I’ve been wanting to experiment with epoxy resin for awhile and I finally found some wildflowers from the local forest Preserve that I run in frequently. They made the perfect subject to create a balanced and visually stunning composition.
I also wanted to add a technical touch, so I embedded in the bottom layer of the epoxy a NFC chip. See the video below!
Fresh off of building PTSExplorer.com I had some inquires about building an adaption for a kiosk or exhibition. I was excited by the challenge and below is what I built in a night to show my vision of what that could look like.
The iPad app uses the didConnectNotification from UIScreen to detect when a secondary screen is connected, via HDMI or AirPlay. Once a second screen is detected at runtime I programmatically create another window with a root view controller from a storyboard.
One of my favorite things about the model train hobby is getting to experiment with my love for hardware and code. One day I was playing with a crossing system I bought from a big retailer and quickly became frustrated with its shortcomings, I literally had an “ah hah” moment when I realized I could create my own, pretty easily.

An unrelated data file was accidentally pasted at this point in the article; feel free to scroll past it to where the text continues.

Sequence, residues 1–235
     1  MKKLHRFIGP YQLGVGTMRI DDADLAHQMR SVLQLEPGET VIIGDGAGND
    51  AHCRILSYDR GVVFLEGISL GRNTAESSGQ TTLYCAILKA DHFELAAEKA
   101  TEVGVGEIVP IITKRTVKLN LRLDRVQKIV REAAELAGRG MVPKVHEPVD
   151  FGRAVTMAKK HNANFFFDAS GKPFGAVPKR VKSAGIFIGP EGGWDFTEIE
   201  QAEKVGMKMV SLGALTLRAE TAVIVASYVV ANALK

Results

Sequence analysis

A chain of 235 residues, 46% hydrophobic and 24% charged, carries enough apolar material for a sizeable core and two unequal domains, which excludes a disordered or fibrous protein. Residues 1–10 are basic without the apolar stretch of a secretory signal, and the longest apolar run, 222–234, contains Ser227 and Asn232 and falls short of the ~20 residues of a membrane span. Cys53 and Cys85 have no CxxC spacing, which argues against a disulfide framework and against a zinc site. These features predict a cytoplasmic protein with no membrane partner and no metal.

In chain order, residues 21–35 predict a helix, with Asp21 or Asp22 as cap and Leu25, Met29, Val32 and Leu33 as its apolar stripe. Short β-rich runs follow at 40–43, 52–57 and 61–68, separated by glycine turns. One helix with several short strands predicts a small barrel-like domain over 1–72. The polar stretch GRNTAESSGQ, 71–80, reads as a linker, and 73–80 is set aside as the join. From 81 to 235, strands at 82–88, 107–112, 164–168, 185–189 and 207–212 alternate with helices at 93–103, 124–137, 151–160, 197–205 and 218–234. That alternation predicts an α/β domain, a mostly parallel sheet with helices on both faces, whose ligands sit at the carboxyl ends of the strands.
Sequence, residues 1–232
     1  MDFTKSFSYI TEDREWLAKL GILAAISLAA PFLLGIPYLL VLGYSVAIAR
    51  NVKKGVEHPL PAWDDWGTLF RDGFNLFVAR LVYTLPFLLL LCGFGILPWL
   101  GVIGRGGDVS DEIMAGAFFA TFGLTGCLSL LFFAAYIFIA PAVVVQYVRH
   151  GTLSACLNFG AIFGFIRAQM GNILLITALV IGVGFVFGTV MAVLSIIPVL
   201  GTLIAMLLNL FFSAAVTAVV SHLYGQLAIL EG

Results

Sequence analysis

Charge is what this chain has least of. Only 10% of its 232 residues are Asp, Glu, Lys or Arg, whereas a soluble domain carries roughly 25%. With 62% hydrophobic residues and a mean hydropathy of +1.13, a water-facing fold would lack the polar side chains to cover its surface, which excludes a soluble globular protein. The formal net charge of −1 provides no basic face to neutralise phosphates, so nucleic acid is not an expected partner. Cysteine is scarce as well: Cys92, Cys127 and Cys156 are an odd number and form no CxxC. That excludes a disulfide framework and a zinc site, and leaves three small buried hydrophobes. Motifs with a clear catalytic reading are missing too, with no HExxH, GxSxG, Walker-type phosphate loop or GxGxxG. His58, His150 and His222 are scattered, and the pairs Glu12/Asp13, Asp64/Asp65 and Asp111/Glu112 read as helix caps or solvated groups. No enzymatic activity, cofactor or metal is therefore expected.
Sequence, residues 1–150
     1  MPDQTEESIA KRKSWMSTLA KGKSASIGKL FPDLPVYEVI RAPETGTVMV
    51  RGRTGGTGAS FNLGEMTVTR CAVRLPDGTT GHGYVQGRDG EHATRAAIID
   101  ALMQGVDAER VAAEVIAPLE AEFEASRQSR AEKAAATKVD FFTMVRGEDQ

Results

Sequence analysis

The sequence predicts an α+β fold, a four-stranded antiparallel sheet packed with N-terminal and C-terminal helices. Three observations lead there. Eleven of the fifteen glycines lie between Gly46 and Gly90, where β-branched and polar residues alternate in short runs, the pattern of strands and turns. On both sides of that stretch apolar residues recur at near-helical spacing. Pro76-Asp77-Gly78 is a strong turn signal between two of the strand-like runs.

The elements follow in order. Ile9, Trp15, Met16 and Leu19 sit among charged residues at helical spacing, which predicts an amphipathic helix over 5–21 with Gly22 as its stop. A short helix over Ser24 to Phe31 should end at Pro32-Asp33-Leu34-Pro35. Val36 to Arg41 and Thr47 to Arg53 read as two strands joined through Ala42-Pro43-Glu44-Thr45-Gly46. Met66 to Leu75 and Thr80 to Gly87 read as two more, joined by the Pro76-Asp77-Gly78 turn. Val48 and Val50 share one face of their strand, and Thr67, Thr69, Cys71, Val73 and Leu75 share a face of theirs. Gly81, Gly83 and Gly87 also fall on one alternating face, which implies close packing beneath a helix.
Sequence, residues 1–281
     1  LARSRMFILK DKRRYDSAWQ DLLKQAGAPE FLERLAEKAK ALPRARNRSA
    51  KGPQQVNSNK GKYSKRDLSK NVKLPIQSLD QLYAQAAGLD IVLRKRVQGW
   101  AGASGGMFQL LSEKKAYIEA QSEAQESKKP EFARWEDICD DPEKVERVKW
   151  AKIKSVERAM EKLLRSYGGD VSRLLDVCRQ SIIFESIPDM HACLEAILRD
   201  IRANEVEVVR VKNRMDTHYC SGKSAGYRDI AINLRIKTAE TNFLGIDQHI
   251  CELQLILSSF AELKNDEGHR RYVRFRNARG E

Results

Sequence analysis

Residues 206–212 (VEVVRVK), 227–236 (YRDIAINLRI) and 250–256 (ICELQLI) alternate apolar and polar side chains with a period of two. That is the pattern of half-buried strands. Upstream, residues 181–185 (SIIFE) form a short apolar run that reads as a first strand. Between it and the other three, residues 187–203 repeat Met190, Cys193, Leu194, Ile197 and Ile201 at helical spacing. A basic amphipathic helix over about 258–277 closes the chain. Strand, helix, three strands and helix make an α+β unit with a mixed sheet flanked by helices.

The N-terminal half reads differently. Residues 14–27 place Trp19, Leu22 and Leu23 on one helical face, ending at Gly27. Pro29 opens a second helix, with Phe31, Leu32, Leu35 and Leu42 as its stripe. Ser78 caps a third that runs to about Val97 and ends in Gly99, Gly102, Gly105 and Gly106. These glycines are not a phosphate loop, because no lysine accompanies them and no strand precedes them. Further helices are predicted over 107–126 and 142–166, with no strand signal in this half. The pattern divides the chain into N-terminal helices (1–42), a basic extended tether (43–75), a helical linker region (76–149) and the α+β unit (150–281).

The video below describes in detail why I decided to build my own, and how I went about doing it. I go over different “activation methods” and why I chose to go with sonar over voltage or light.
One additional thing I did was add a BLE chip so I could control the whole system with my smart phone (luckily I know a good iOS developer to build the app).
Grossing Gates, Turnout, and Signal Bridge
Sonic sensors (HC-SR04)
NJI Crossing Gates (NJI 1164) & NJI dwarf
Adafruit Bluefruit LE UART Friend – Bluetooth Low Energy (BLE)
I really wanted a quick and secure way to get a breakdown of my spending without having to give up my banking details to a third-party. For the longest time I was using an excel spreadsheets and doing a lot of work manually to categorize transactions and compute totals. One day I decided to just build my own tool!
Chase’s developer API is invite only, so used their csv data dump option
Lots of pre-work happens before rendering the charts, data from csv is converted to objects, grouped by months, computed for totals/averages/etc., and then categorized by user inputted data
The transaction list allows me to flag what category a transaction should fall under – under similar transaction will automatically be assigned that category unless explicitly overwritten.
Using chart.js to render the charts – this framework is incredible and really easy to use
Below is a video of what I settled on for a v1. It does everything I need it to quickly, and makes understanding where I’m spending my money clear. Some future enhancements will include:
Monitor Chase’s API to see if it opens up for normal developers
Flag transactions that fall outside a specific variance (unexpected transactions)
Show top 5-10 places I’m spending money, e.g. how much money am I spending at Chipotle!
Add pagination for transactions list
Show YOY information and trends
Add ability to layer in a second account
Refactor code to reduce redundancies in calculations